Since he wasn’t interested in cleaning out a gutter twenty feet off the ground on the regular (or ever), he determined we needed gutter guards of some sort. Why all gutters don’t come with guards, I can only guess, but they don’t. Research led him to Leaf Filter.

I’ll spare you the sales presentation, which was exhaustive, let me assure you. The salesman delayed our supper by an hour the evening he visited. But he was effective. We invested in Leaf Filter gutter guards for all the gutters on the church structure and garage.

Leaf Filter
You go, gutter guy!

The Leaf Filter guys worked their magic earlier this week. When they cleaned out the gutter on the east side, they found four inches of pine needles and silt up there. Yuck! No wonder water was spills over the edges, into the ground and seeping into our basement. The Leaf Filter system comes with a lifetime guarantee against gutter clogs (lifetime of the building, people!), so we’ll see if system works to keep our basement dry.

This morning, we woke up to a pouring rain and a dry basement, so fingers crossed. Not that a dry basement will hasten the finishing, but at least a wet basement will no longer be an excuse for procrastination.

TV news story shows polish of Church Sweet Home

The story Pauleen Le at CBS 58 worked up about Church Sweet Home casts a flattering light on our renovation project in a way my amateur photography on this blog or the black-and-white shots in my memoir never could.

video screen shot
A screen grab of the video.

To see Le’s Sunday Morning show story, click here. It’s worth five-and-a-half minutes of your time just to hear the church bell and creak of the door into the sanctuary. If you’re a regular reader who hasn’t had the opportunity to visit this little Methodist Mecca/Phoenix from the ashes in person, this video will satisfy your curiosity. The drone shots gave us a look even we have never seen of our house!

At one point in the video, I say “And we did it!” In a story about us and our house, that’s absolutely correct, but I feel compelled to credit here the workers and skilled craftsmen who helped us: St. Johnny, You-Can-Call-Me-Al, Reroofer, the Michelangelo drywallers, Glimfeather the plumber, Low Talker the painter, the spiral stairway proprietress, the electrician, the Lighting Savant, the expert at the glass store, our friend at Home Depot who rented us a floor sander twenty times, the guys who poured the driveway, the man who operated the crane that dropped the rafters for the Garage Mahal, several relatives who helped us in various ways, and many others. We did it, but we didn’t do it by ourselves.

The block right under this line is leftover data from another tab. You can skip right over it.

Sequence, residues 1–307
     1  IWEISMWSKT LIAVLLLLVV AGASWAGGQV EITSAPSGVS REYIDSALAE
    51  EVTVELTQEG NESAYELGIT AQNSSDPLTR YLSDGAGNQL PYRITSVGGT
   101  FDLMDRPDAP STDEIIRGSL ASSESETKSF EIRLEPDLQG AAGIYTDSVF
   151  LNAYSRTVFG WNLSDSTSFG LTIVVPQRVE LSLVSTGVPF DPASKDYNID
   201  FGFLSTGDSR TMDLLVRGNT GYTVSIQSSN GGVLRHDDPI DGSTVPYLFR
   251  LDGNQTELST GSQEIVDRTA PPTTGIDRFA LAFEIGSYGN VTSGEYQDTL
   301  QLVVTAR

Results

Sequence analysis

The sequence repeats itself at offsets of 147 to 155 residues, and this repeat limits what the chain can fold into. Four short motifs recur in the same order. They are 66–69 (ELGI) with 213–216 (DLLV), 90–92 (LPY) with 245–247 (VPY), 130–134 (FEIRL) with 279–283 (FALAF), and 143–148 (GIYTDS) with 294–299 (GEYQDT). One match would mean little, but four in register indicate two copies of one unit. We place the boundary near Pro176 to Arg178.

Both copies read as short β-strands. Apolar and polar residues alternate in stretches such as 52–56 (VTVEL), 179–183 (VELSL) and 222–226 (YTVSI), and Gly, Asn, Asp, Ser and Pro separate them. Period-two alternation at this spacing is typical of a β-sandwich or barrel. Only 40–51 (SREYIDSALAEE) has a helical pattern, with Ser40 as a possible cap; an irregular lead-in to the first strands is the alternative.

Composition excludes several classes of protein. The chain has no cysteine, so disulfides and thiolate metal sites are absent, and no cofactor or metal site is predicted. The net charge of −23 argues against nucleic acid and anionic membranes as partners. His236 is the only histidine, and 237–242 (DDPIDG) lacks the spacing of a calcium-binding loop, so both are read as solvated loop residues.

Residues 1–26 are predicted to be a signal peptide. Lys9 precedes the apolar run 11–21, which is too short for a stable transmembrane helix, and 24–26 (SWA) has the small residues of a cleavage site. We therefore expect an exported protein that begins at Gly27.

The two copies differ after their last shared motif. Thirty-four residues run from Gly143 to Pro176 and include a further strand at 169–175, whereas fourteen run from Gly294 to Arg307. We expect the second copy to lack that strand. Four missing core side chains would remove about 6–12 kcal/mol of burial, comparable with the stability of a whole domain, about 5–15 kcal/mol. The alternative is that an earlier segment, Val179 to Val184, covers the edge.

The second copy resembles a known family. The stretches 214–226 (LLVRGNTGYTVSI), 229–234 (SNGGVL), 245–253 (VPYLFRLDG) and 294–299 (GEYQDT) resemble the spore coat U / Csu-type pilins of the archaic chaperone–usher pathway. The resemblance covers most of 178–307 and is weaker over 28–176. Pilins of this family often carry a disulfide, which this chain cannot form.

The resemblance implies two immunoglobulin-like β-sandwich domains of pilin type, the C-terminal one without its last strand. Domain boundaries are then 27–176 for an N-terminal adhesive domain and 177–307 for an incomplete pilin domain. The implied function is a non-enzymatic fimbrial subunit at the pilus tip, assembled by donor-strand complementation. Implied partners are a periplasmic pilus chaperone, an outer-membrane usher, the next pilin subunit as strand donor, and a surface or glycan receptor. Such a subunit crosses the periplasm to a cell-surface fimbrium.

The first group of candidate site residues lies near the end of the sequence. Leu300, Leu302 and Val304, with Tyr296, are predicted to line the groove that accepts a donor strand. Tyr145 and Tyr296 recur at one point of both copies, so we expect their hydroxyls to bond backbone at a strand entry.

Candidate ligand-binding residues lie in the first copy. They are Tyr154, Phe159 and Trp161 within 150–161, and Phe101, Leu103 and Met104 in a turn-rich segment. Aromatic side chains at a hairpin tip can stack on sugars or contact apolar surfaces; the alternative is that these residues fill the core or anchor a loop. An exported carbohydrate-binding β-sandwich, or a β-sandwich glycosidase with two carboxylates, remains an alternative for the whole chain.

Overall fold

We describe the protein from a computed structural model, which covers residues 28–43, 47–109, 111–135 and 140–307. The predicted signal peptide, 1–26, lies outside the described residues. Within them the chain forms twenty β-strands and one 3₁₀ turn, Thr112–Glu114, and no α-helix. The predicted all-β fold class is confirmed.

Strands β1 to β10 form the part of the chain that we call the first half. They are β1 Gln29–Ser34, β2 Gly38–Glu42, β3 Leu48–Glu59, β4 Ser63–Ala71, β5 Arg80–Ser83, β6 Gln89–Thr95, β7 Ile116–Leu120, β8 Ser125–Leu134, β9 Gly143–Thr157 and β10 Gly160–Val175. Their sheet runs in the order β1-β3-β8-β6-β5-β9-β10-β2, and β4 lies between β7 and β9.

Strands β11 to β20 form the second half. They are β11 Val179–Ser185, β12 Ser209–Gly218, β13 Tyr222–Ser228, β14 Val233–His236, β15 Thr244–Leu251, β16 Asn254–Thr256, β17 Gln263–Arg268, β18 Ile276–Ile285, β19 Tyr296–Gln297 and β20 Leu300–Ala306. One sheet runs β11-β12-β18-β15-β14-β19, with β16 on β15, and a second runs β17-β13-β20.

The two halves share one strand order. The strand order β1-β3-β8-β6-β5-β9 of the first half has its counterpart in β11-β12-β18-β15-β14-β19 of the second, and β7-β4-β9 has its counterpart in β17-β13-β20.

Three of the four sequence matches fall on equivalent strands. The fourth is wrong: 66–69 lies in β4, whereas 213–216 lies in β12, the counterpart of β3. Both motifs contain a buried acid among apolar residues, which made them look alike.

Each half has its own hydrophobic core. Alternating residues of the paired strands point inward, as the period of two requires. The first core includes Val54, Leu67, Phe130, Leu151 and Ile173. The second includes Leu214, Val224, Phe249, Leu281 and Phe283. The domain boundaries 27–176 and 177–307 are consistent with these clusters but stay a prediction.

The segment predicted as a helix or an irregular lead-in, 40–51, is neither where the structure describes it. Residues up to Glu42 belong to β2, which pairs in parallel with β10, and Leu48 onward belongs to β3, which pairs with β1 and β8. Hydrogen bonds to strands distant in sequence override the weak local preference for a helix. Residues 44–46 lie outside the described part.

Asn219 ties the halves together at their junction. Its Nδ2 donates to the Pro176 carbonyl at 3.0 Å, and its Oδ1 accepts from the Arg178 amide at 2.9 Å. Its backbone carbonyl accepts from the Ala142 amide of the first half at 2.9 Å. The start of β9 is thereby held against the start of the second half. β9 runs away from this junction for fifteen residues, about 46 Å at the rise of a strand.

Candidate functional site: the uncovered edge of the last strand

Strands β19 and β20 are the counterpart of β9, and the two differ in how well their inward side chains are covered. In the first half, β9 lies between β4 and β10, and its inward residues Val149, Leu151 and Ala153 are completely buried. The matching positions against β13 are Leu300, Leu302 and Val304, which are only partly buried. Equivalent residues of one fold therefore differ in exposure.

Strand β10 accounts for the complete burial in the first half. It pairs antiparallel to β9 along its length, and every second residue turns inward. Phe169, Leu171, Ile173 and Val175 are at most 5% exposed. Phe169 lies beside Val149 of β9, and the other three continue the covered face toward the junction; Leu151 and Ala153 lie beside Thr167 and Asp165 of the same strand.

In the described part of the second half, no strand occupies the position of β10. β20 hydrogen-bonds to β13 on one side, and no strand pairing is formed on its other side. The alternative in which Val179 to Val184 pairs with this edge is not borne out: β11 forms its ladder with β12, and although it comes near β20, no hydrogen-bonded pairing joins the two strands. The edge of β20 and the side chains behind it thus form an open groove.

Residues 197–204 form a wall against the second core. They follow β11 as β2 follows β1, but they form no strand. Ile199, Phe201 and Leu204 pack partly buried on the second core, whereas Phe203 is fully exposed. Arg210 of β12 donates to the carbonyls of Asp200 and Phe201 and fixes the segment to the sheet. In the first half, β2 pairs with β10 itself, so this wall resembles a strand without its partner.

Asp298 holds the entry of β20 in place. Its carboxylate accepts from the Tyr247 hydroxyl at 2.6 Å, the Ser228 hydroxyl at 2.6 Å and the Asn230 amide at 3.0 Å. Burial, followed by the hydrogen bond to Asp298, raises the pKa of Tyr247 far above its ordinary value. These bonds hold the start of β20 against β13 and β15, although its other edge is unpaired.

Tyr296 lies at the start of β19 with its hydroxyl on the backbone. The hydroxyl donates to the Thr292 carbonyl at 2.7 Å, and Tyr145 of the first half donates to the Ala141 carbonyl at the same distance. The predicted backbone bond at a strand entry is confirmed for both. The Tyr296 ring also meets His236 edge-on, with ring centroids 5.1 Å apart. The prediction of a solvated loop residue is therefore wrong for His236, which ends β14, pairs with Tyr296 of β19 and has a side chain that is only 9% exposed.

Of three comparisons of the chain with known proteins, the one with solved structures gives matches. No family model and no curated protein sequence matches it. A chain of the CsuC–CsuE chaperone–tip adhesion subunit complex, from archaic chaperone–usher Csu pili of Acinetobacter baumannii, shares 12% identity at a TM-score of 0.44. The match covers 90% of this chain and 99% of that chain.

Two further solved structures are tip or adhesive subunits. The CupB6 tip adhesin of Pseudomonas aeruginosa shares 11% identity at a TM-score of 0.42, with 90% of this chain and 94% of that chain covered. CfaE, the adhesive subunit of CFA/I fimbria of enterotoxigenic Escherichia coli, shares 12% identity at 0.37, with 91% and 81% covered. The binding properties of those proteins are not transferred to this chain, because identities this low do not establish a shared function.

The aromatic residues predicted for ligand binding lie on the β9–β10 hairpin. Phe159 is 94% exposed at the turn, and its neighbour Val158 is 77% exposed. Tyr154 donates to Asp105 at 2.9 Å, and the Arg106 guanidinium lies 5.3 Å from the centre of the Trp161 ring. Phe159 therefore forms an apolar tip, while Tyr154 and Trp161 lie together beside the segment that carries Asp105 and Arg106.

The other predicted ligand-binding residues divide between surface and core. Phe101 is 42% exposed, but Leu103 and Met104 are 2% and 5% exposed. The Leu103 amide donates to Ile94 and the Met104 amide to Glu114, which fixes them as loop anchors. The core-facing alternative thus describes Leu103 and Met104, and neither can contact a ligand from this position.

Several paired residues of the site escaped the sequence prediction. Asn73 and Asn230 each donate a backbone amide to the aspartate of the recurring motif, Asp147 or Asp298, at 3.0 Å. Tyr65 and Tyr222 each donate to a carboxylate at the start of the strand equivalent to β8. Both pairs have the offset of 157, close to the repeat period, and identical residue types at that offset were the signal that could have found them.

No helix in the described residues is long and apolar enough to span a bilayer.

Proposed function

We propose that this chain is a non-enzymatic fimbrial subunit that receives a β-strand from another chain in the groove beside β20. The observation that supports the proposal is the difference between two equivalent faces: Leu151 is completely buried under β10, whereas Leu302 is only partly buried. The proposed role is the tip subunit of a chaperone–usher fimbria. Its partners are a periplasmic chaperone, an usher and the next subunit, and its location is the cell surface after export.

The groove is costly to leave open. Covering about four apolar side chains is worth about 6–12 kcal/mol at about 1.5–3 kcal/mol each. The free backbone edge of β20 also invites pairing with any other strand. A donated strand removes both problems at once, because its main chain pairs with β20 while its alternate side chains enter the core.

Check it out, and let Pauleen Le know if you like her story. Thanks to her and her team, too.



Outdoor party zone

Another project we wrapped up early enough last summer to enjoy it was the deck.

Some might call it a patio. Some might call it porch. We call it the deck.

From the beginning of Tyler’s Garage Mahal dreams, he envisioned a deck off the three-season “room” (also known as the fourth stall of the garage).

When the garage was built in late 2018, it got a roof but there was no time for siding. And certainly no deck. Even the windows on the east side were simply boarded up for the Wisconsin winter.

So the first element of finishing was to install enormous four-panel vinyl windows with screens. But the siding on that side of the garage awaited final placement after laying the deck.

deck in progress earlier
First windows, then stringers for the decking.

Excavation to ground level was first. Then Tyler and You-Can-Call-Me-Al laid the stringers (perfectly level, of course). A little corner was made to accommodate the biggest pine tree in the yard. Then they used 3,500 screws (no kidding) to secure the deck boards (the deck is roughly 34 feet long, 16 feet wide–we Go Big or Go Home around here, as regular readers are well aware).

deck in progress
First piece of furniture: the “contractors’ table.”

Now Tyler was ready to add some fun to the function. He drew inspiration from this picture of a slated ornamental wall:

deck inspiration
This “Pinteresting” image described the structure as a wind-breaker and privacy wall.

Tyler wanted a bit of a shield from gawkers passing by on the south side (a man likes to enjoy a beer in peace), and a wall of some sort seemed workable. I like how nice it looks. So You-Can-Call-Me-Al was set to work building a wall from this picture, not the first time our “blueprints” came from Pinterest.

deck finished
Privacy wall in place.